Retirement Planning

The qualifying age for state pensions in Ireland is 66, and given there is no mandatory retirement age in most Irish professions, it is no surprise that most of us associate ideas of retirement with our twilight years.

Early retirement is a dream that most of think we will never achieve, but contemporary pension plans are making it more and more viable, depending on your financial situation and the amount you would require for a comfortable life when you are no longer earning a salary. 

In the advent of artificial intelligence (AI) and automation, software is driving growth in tech and manufacturing industries. 

Many jobs we would have considered stable and secure are now being labelled high-risk, and workers in vulnerable sectors may be tempted to safeguard their long-term financial future.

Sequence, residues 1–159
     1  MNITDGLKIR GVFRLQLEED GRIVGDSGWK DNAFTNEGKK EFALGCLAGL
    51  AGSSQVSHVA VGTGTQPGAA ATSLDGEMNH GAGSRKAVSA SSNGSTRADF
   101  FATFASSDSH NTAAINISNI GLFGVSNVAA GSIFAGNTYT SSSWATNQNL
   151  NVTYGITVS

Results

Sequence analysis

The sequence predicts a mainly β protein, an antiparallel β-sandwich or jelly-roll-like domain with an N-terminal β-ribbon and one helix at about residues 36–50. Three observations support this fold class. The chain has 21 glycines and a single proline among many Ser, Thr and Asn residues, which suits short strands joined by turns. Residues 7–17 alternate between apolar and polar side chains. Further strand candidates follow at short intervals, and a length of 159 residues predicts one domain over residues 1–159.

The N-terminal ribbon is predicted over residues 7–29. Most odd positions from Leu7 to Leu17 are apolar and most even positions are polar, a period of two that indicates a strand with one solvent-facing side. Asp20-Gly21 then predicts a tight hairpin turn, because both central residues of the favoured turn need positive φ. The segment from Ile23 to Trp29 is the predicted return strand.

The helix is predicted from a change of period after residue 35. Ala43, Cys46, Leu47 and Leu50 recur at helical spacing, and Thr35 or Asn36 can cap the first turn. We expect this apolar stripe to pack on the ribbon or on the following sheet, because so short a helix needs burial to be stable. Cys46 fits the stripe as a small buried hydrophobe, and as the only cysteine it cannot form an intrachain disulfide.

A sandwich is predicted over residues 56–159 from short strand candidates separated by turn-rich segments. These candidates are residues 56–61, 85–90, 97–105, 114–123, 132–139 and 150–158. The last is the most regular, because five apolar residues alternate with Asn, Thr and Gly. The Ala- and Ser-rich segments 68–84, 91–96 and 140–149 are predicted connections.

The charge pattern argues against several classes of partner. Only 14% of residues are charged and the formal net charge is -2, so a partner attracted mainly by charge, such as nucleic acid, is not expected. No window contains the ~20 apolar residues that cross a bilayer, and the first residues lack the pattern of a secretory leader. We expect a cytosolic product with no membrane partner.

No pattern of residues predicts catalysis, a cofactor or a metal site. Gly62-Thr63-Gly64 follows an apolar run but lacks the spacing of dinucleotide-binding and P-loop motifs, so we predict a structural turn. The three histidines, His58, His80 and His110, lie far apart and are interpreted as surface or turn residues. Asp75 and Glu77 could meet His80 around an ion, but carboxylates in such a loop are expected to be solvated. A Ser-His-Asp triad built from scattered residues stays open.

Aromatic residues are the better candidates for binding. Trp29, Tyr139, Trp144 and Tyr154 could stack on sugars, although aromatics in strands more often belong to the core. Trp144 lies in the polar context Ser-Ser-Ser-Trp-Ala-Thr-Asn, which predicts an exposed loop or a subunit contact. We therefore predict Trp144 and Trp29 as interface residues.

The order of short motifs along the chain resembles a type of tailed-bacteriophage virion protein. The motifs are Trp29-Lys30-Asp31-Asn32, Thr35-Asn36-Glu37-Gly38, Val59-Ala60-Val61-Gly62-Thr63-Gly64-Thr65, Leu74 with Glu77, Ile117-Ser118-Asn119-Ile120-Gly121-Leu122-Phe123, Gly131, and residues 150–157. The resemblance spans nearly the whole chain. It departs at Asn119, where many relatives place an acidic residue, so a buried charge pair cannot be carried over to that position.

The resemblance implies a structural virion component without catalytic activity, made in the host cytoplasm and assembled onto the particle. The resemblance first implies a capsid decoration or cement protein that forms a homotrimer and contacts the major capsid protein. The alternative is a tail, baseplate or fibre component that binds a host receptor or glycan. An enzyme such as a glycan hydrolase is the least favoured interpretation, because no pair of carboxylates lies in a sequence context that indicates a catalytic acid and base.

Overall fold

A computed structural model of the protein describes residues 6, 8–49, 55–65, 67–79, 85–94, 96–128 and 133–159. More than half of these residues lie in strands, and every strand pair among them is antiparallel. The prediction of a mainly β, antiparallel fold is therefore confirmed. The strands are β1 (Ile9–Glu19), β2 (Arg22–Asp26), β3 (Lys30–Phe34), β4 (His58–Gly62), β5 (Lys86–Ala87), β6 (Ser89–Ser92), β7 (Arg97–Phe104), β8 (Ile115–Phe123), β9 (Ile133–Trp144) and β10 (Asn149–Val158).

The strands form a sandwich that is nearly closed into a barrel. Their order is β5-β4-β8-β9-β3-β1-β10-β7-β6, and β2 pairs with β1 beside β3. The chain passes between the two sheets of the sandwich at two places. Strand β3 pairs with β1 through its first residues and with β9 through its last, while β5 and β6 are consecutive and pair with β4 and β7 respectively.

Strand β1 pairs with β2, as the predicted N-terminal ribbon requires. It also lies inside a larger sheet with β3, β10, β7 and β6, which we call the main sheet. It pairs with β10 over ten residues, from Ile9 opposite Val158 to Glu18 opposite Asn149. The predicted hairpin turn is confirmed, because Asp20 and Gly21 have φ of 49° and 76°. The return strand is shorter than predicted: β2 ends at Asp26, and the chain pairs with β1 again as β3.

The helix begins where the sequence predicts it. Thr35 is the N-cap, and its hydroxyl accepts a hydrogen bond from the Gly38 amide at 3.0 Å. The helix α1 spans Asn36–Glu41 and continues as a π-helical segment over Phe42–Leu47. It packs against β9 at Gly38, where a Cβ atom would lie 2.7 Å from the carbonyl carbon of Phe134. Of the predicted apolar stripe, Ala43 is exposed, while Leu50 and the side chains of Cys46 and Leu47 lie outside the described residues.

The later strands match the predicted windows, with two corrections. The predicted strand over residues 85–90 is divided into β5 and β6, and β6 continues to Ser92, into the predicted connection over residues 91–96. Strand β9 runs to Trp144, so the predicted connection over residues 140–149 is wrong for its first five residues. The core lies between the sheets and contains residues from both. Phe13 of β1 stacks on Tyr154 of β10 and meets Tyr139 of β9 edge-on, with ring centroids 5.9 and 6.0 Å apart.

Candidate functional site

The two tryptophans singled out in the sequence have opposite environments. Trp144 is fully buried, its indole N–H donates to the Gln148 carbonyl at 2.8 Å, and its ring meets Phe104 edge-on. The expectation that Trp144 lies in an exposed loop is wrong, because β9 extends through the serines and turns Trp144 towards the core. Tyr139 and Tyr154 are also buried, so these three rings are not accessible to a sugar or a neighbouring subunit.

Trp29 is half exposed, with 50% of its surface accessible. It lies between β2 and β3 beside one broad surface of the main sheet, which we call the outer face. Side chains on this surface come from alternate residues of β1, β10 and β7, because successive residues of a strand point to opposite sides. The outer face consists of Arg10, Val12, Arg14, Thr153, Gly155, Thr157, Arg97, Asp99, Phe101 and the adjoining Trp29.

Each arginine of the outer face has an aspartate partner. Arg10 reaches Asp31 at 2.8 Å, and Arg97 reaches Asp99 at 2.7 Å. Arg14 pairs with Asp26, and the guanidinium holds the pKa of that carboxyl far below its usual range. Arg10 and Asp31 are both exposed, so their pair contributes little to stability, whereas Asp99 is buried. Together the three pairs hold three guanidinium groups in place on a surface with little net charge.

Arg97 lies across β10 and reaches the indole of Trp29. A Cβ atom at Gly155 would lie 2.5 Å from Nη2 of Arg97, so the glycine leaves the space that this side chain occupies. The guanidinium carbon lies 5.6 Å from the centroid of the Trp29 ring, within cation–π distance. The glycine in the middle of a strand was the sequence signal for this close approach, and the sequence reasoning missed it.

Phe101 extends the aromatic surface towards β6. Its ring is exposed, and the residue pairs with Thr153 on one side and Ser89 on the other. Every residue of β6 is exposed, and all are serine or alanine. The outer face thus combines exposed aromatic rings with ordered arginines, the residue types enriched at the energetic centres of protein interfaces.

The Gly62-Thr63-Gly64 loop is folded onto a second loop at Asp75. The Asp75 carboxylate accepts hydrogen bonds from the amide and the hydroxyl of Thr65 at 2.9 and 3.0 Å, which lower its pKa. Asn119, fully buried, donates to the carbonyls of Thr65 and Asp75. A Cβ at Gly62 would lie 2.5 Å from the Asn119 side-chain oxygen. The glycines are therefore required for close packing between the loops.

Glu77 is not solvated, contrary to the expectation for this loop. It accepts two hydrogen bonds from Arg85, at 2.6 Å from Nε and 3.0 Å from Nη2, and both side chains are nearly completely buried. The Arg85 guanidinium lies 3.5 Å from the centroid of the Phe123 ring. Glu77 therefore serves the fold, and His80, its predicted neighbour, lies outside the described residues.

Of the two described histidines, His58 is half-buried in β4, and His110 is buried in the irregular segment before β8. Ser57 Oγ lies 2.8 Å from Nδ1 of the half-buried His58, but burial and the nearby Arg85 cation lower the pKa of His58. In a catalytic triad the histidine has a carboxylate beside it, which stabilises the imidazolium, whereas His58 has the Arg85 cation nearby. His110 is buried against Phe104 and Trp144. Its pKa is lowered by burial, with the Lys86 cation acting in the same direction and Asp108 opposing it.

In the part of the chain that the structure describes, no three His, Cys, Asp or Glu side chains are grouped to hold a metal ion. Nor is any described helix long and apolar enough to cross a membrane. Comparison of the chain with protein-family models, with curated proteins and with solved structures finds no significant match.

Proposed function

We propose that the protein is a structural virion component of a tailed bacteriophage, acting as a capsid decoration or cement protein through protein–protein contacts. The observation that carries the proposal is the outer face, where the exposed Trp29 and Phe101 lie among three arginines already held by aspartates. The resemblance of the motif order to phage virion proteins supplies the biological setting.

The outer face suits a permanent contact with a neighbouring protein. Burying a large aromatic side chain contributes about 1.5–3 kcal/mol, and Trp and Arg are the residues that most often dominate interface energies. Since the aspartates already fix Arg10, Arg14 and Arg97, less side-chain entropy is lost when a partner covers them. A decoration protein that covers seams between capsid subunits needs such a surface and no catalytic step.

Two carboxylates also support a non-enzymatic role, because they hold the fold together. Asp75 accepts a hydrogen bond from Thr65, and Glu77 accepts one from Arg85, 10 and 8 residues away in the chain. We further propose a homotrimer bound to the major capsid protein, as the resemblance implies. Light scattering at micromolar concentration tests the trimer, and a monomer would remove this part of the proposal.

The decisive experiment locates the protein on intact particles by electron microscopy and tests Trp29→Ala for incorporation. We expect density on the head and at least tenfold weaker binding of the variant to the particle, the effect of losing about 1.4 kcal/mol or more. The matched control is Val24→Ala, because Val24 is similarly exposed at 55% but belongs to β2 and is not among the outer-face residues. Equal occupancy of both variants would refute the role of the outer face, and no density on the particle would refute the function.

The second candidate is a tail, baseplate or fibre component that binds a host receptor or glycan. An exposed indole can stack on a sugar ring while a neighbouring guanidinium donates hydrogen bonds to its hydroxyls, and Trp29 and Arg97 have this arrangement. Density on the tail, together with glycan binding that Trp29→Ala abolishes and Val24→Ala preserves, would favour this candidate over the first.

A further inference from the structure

Roles like software developers, computer programmers, coders and web developers are at risk of being replaced by AI technologies that boast increased productivity and efficiency. 

Of course, AI is not the only threat to the labour force, and, regardless of your role, if you feel as though early retirement would make you feel better protected and more financially prepared for the future, read on. 

It is important to remember that, legally speaking, nothing is stopping you from retiring at any point – if the financial and personal circumstances are right for you, retiring early can go from being a dream to reality.

How Much Do I Need to Retire in Ireland?

There is no set figure considered adequate for retirement in Ireland, but it is generally advised that you aim to earn 40% of your current salary in order to maintain your current standard of life in retirement.